Managing your finances can be difficult on your own, but adding one more person can make it even more of a problem. The stress and tension associated with couples and money management are among the leading causes of divorce in the United States.
According to Forbes, conflicting money management styles can be destructive for couples. When one person is a saver and the other is a donor in the relationship, arguments can arise about where the money goes. However, if you are preparing to pool your finances or if it has been a constant struggle, we’ve rounded up some tips for couples and money management.
1. Talk about relationship money goals
It is important that you sit down with your partner and discuss your overall monetary goals. What financial goals are you saving for? How much do you want to put aside? Would you like to retire early and move to the country? Are you working to get out of debt? These are important questions.
That way you can communicate what you envision for the future and work towards developing a common goal. If the two of you have different long-term goals, that’s fine. Talk about what the two of you want and find out how you can work together to make relationship and money management smoother.
2. Discuss shared spending and budgeting
You both need to be on the same page when it comes to managing your finances. Do you have separate accounts? or do you officially combine your money with a joint account? Split bills; or does one person take on this responsibility? What about a household budget?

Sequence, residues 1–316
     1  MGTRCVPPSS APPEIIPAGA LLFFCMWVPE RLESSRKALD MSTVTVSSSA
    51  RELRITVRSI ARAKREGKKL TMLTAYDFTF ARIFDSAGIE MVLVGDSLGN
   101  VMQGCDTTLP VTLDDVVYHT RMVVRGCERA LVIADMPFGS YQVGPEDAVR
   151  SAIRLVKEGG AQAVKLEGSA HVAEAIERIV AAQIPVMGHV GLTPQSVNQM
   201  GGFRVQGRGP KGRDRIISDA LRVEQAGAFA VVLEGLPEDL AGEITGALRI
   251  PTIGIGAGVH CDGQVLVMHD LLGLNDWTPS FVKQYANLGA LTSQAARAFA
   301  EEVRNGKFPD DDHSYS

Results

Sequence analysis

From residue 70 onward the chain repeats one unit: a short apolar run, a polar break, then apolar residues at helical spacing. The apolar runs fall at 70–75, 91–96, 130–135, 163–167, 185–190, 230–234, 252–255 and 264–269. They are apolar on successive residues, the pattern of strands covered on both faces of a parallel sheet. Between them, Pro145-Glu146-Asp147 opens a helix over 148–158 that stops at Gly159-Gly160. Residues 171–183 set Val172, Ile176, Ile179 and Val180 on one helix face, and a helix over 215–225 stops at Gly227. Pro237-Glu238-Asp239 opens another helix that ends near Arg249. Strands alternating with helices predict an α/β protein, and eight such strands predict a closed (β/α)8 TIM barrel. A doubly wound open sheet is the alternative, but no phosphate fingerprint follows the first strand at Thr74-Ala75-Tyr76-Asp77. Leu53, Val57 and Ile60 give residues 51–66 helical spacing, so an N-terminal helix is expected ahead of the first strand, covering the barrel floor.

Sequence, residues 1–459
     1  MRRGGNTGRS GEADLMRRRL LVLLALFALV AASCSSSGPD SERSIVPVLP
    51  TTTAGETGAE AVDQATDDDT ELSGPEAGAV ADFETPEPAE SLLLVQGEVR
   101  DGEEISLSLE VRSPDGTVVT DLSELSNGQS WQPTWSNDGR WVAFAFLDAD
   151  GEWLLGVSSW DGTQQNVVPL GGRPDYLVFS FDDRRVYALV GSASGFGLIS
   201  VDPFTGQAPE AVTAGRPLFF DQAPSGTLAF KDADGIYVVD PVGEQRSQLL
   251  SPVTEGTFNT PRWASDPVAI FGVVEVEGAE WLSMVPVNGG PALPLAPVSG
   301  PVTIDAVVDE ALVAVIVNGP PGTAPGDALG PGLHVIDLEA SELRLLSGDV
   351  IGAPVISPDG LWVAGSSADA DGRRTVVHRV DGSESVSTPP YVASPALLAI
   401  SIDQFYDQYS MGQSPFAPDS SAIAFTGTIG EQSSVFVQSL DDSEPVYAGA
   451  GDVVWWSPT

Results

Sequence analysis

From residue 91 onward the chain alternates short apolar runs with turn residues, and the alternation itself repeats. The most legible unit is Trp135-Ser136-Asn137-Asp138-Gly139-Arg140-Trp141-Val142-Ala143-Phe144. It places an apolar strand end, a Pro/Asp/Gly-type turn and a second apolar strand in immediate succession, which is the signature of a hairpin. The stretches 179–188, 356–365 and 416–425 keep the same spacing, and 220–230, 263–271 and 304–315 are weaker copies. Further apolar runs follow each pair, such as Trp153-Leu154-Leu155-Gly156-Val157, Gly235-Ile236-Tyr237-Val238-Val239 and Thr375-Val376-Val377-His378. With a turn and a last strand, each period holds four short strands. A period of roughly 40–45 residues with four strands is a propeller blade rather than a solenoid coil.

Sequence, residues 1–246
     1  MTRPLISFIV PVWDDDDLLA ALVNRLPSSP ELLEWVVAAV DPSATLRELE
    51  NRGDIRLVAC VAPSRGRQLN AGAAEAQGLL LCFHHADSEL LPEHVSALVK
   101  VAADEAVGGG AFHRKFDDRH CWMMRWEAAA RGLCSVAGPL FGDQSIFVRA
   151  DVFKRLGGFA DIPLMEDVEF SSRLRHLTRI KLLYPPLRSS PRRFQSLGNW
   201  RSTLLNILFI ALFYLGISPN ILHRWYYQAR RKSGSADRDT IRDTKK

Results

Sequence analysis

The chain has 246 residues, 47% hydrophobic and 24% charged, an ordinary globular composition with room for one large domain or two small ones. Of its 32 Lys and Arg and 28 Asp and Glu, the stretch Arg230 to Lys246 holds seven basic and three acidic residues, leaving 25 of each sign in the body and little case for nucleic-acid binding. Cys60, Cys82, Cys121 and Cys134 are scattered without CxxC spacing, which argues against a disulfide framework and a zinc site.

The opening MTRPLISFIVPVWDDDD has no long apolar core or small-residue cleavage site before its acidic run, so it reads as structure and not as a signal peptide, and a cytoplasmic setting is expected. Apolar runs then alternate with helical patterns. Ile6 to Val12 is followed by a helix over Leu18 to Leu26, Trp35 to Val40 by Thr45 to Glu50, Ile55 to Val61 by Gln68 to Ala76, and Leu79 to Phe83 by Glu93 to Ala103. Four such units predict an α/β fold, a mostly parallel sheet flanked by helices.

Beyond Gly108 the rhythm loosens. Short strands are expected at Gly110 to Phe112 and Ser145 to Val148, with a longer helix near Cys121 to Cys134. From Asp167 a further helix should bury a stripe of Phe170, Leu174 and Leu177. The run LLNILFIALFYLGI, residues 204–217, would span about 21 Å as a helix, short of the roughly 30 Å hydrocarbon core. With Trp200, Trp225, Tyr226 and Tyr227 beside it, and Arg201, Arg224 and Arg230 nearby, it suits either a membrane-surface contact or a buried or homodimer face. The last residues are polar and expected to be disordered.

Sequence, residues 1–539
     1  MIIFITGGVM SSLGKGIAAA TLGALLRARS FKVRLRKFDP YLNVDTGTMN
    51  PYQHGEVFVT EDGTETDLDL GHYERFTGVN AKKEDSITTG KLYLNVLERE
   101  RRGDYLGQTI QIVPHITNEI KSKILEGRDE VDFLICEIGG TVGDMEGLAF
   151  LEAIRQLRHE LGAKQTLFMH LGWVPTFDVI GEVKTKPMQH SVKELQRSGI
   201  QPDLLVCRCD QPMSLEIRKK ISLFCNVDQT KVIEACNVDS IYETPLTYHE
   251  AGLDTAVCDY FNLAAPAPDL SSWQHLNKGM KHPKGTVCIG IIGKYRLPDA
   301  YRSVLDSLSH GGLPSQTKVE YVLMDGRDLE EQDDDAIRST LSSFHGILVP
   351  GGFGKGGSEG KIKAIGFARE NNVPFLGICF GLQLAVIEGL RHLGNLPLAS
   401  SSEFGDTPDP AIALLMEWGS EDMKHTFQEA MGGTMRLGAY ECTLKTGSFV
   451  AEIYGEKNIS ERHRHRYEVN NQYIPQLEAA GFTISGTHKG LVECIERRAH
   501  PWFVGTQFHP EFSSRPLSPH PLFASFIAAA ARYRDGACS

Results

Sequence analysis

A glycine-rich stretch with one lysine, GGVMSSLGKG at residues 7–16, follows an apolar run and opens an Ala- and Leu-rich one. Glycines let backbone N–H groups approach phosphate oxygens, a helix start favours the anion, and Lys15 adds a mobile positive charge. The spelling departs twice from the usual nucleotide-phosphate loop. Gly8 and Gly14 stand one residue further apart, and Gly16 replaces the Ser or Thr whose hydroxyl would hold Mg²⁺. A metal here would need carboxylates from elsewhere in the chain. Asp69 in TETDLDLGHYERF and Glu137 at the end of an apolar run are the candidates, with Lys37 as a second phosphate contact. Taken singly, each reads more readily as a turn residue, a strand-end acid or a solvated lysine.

Sit down with your partner and create a realistic budget. The NFCC’s 2019 Consumer Finance Literacy Survey found that only 40% of Americans have a monthly household budget. A budget is a proven way to stay financially organized and on track. Revise your household budget frequently to make sure that you as a couple are achieving your financial goals.
3. Be open to debt and spending
It is critical for couples and money management to be honest and straightforward about debt and spending. You are not responsible for your partner’s debts, but you must be aware of their financial obligations when pooling finances. Even if you are not liable, you can sit down and come up with an actionable plan for dealing with debt and other expenses.
4. Have the credit interview
Most couples do not immediately discuss their credit scores or credit history. It usually occurs when you move in, but credit talks are never a top priority. While a lower credit score isn’t a deal breaker, with similar credit scores, you’re more likely to have financial habits that are more closely matched. However, merging finances with a partner who has low or poor creditworthiness can affect your ability to get affordable finance through joint purchases.
Make it your goal to conduct the credit interview. When a person has a low credit score, work together to determine the financial habits that caused it. Team up to improve the lower credit score.
5. Plan for retirement
Inevitably, if you plan to spend your life together, you will inevitably discuss retirement plans. Retirement planning is a key long-term goal of money management. Make sure to discuss the following:
- What are your expectations and what kind of lifestyle would you like to live after retirement?
- If you are planning to move or downsize your home
- When you want to stop working
- Saving strategies and choosing the right retirement plan to build your nest egg
Couples and money management
Communication is crucial when it comes to couples and money management. Discussing finances isn’t exactly fun, but learning how to talk to your partner about money management can help avoid future arguments and stress.